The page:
Next Generation Action Network, the primary organization behind the July 7 protest against police brutality that preceded five Dallas police officers being shot to death by Micah Xavier Johnson, has, for the second time since the shooting, postponed the march scheduled for this week.
The head of the network, Dominique Alexander has decried the violence that happened two weeks ago, but kept up the rhetoric since the shooting.
The march was cancelled and rescheduled for a week from Friday. Alexander told the Observer late Thursday night that the March was rescheduled because logistics needed to be worked out, but it's worth noting that as of Thursday, fewer than 100 people had committed to attend the event, compared with more than 1,200 who said that they would come to the march on July 7.
Initially, Alexander scheduled a silent march to coincide with President Obama's arrival in Dallas on July 12, in order to take his group's concerns about the relationship between Dallas' African-American community and the police directly to the president.
Alexander cancelled that march, deciding a couple of hours after scheduling that the appearance of protesting what was effectively a funeral service for the five officers would not have been a good look for his organization.
We Believe Local Journalism is Critical to the Life of a City
Engaging with our readers is essential to the Observer's mission. Make a financial contribution or sign up for a newsletter, and help us keep telling Dallas's stories with no paywalls.
Support Our Journalism
"Everybody in this country should have the opportunity to mourn their loved one and I do not want our movement to be in the position to have to explain why we protest a memorial for an officer," he said on Facebook at the time.
After Texas Governor Greg Abbott proposed something called the Police Protection Act, a bill that would make cops subject to hate crime protection and stiffen penalties from crimes committed against cops because they were cops, Alexander rescheduled the silent march for Thursday night, July 21. He wanted to continue making the case that Dallas' police chief David Brown, whose indispensable leadership helped Dallas pull through the aftermath of the shooting, needed to do more to heal the relationship between the police department and Dallas' black residents.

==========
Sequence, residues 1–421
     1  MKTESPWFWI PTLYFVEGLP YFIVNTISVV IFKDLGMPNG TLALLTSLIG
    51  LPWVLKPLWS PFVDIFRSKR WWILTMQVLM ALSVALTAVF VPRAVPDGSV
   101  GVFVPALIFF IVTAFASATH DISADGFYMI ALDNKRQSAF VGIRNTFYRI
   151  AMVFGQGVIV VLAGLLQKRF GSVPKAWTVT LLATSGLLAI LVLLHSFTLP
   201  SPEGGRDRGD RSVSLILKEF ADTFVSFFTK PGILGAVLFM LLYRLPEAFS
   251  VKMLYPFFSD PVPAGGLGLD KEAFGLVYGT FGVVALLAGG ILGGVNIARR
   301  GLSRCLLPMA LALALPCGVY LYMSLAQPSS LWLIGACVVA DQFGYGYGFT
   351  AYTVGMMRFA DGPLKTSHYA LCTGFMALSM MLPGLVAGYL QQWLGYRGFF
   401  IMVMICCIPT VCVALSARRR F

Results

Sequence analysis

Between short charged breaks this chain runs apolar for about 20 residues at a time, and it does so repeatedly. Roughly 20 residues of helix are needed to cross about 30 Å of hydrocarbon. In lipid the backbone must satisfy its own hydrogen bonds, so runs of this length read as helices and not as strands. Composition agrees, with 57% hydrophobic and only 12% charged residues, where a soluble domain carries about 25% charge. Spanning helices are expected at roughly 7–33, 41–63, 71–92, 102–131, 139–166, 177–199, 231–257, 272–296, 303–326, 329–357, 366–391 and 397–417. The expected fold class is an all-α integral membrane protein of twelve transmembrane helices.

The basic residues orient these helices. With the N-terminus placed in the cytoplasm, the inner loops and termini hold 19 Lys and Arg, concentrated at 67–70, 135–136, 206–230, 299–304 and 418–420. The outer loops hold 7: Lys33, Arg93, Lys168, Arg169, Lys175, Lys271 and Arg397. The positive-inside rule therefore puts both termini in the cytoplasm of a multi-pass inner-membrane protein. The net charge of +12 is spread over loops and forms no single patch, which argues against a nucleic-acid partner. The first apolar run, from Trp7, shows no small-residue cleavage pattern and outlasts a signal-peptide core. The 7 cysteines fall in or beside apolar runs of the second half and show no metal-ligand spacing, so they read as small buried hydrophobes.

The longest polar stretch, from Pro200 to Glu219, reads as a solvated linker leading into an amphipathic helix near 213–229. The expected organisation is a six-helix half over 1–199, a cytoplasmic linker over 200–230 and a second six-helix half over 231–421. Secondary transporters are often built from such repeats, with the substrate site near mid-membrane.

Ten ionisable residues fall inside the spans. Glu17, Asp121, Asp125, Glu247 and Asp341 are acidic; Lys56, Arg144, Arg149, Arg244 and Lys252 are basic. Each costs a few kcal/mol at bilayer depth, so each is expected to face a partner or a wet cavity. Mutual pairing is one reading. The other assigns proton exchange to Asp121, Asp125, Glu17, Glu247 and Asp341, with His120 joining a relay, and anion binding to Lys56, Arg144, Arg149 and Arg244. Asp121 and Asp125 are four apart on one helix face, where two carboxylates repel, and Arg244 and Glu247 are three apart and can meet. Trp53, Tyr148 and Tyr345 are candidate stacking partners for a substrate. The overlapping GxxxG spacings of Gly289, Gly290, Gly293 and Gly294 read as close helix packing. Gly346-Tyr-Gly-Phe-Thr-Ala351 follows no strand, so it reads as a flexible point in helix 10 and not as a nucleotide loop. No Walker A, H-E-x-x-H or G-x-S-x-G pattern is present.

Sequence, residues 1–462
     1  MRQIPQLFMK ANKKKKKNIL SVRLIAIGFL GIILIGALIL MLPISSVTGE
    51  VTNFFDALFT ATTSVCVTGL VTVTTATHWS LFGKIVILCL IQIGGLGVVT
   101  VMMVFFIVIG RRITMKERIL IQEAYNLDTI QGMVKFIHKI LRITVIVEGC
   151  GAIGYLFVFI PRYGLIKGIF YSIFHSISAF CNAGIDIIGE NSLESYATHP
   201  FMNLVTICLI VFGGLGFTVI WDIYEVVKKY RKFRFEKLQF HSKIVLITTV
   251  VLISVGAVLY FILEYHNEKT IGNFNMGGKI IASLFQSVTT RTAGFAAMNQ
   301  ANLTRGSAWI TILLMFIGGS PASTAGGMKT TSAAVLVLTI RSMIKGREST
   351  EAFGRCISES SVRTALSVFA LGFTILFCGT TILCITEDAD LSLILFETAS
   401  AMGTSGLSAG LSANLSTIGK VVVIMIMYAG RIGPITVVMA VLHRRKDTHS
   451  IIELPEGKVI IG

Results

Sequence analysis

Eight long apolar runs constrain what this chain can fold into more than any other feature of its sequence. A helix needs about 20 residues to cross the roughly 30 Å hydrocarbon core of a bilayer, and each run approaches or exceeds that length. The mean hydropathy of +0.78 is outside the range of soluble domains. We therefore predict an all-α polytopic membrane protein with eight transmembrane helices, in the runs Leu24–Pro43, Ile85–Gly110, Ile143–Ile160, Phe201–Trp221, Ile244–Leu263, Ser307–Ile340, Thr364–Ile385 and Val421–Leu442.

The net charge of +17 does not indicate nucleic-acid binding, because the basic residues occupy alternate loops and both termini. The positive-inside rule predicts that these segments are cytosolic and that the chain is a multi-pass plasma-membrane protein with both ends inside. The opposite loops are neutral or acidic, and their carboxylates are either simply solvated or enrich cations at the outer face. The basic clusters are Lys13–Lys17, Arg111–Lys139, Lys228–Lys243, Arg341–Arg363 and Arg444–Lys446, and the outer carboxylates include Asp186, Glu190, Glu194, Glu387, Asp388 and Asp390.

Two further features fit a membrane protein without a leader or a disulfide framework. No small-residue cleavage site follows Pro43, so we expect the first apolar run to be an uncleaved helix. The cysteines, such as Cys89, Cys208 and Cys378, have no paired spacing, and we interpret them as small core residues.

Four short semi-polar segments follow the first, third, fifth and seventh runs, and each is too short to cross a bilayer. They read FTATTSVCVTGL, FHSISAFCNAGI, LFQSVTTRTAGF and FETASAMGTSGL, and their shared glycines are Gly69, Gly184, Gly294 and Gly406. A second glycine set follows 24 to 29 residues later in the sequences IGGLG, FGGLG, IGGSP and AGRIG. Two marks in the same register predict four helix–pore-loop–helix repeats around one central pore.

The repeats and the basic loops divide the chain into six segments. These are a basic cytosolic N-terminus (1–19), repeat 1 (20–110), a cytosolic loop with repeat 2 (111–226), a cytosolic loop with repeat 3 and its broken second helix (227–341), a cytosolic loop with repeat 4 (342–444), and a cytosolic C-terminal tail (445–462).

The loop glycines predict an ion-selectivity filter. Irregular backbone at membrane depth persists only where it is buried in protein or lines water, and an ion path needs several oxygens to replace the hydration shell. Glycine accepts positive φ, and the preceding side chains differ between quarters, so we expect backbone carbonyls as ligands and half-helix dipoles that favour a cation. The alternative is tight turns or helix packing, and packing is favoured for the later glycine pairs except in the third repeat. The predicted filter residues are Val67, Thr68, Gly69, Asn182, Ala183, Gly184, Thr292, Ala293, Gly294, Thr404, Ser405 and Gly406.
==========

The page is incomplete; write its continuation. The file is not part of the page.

"We aren't protesting because there aren't enough officers, we're protesting because there is not accountability for the bad officers," Alexander said Monday. "We want to be able to keep these rogue officers off our force when they violate someone's basic civil liberties in America."
Update 1:30 p.m.: Alexander gives further clarification about those "logistics" that caused the march to be postponed. The Dallas Police Department requested that Alexander and his group hold off on the march so as to allow officers who attended Michael Krol's funeral in Michigan earlier this week plenty of time to get back and plan for the demonstration, Alexander says. He expects full details for how DPD will handle the march next week.